What is Organizational Friction? Organizational friction disrupts interaction with operations, customers, and vendors. Friction negatively impacts revenue, expenses, compliance, service, and most importantly “the customer’s experience”.
What are the signs of friction? Lost sales, complaints on social media, wasted customer time, lack of coordination between departments, lower profitability, and regulatory/legal penalties are a few examples. Friction causes problems that shouldn’t have happened in the first place.
Examples of Organizational Friction include complex on-line order web pages, transferring a customer by phone to numerous areas, lack of after-sale customer service, chargebacks, refunds, rework, frustration between and within departments, and seeing the customer as a problem. Root causes and fixes of friction are found in an organization’s beliefs, processes, automation, and measurement.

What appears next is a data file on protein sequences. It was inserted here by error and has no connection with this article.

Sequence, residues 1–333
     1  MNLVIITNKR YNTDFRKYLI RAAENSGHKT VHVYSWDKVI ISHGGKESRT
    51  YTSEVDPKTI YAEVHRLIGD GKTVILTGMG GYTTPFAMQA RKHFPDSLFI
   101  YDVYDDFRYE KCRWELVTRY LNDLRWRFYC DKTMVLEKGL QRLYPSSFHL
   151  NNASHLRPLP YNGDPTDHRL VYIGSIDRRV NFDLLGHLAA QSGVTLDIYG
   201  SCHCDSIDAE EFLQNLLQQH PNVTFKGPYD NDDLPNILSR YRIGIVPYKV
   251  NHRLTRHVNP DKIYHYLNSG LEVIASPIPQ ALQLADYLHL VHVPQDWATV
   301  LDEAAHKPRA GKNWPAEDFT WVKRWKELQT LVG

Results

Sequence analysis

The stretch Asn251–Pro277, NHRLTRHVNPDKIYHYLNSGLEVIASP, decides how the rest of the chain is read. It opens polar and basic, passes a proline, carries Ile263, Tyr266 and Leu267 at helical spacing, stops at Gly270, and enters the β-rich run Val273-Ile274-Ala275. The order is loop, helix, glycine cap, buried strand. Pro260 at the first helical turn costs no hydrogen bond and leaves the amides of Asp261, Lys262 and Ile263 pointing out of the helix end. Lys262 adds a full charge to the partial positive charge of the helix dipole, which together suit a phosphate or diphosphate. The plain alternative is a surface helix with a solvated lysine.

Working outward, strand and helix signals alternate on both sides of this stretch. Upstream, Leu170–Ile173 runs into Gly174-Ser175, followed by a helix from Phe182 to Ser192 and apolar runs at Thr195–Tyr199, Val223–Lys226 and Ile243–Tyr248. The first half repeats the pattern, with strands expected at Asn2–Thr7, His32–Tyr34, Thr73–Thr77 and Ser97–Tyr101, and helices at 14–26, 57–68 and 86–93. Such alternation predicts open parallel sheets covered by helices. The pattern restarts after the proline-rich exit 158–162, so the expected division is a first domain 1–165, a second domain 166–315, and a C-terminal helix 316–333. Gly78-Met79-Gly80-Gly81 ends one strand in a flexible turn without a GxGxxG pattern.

What is an eight-step approach to reduce friction?
- Find where friction exists, beginning with an inventory of processes and current automation,
- Rank friction in terms of how it impacts customer orders, loyalty, service, feedback; and internal quality and efficiency,
- Identify frictionless goals, timelines, and roadmap,
- Change the way people work within your organization by identifying procedural changes to reduce friction,
- Technology identification and vendor assessment, including required changes to currently owned systems, to reduce friction,
- Implementation oversight to help ensure procedural and technology changes will meet frictionless goals, and timelines,
- Ongoing review of measurements, and
- Needed follow-up, as requested.
To learn more about how to reduce friction and how we at CRE8 Independent Consultants can help. Read More.
About the Author. George Dunn, the president of CRE8 Independent Consultants, is a worldwide recognized consultant, speaker, instructor, and author on business process innovation, advanced technologies, and computer system replacement. George can be reached as follows.